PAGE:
A former fairground engine has been returned to steam by enthusiasts Brian and Karl Burden.
The ‘Princess Mary’ was built in 1923 by Charles Burrell of Thetford, Norfolk, to drive old fashioned fairground rides with a dynamo fitted on the front of the boiler from the flywheel.
The 20-ton engine would then pull the rides from town to town.
During the Second World War she was used to bring down damaged buildings and ruins after the Blitz.
Karl said: “The engine was built in 1923 and originally built to be a ‘Scenic’ engine but the second dynamo never got fitted.
“She worked for two well-known London showmen, and the engine was actually the last of its type to work in the funfair until 1958. She has an unusual roof where it’s sloped, to go under bridges when moved by rail. It has always been a well worked engine.”
After entering preservation, ‘Princess Mary’ was once owned by the major London attraction, Madame Tussauds. Then by Commander Baldock who owned Hollycombe House and Steam Collection near Liphook, Hampshire, with its own vintage steam fairground and working museum.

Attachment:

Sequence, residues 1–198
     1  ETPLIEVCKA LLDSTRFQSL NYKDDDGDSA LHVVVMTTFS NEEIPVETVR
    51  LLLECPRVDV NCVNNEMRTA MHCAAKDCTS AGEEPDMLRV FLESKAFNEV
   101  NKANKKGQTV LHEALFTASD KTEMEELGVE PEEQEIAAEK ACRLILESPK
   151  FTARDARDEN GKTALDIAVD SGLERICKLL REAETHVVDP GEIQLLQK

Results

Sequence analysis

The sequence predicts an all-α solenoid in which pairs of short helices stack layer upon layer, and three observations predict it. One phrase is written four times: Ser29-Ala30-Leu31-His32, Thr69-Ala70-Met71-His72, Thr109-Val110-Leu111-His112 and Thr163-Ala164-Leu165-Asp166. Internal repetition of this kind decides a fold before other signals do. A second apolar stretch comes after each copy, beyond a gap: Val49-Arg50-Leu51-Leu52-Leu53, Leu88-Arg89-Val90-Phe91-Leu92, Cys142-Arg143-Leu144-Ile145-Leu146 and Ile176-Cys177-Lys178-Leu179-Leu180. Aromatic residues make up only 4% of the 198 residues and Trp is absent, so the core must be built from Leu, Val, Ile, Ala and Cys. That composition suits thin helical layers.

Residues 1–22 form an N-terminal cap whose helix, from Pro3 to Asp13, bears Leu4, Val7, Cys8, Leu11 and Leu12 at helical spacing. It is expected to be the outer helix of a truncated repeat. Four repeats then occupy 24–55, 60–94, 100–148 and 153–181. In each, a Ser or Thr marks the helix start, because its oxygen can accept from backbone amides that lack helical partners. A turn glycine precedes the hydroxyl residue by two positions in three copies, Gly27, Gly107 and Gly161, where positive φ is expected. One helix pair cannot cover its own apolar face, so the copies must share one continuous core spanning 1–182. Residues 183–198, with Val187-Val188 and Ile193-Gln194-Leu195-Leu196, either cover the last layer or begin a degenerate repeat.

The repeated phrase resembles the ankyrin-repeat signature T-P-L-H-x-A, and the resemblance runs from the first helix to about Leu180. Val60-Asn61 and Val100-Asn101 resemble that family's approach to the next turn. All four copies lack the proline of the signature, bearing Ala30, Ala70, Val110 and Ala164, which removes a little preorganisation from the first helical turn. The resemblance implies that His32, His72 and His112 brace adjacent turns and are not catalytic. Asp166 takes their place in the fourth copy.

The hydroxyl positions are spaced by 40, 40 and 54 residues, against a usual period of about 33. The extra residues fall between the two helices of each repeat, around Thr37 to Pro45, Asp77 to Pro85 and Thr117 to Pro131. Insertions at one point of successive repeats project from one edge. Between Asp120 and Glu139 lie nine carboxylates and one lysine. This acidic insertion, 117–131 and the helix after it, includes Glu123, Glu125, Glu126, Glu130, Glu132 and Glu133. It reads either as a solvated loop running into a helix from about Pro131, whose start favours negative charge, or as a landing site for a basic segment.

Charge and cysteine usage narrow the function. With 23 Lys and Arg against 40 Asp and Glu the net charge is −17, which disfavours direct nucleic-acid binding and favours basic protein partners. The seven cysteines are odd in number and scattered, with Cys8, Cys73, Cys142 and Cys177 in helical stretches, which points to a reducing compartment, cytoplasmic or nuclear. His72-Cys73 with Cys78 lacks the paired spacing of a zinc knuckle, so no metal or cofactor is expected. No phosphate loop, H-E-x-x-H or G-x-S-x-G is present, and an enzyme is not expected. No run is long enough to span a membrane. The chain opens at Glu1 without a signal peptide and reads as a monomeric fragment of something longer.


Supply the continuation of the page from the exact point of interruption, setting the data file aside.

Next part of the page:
In the 1990s, the engine went to a collector from Wareham and was often found at outdoor events and agricultural shows driving up to three fairground rides at once.
Now she has returned to the road, ‘Princess Mary’ will be seen at shows in Dorset, Somerset, Cornwall and Gloucestershire in 2018.
There are no known archive pictures of ‘Princess Mary’ in her working days, but the picture below shows a similar Burrell fairground engine, ‘Island Queen’, that was owned by showmen, Arnold Brothers of Southampton.
Below is a fairground engine built by John Fowler of Leeds. ‘Queen Mary’ is seen in Blandford in 1944 when owned by showman, Richard Townsend of Weymouth.
She is now owned by an enthusiast near Wimborne.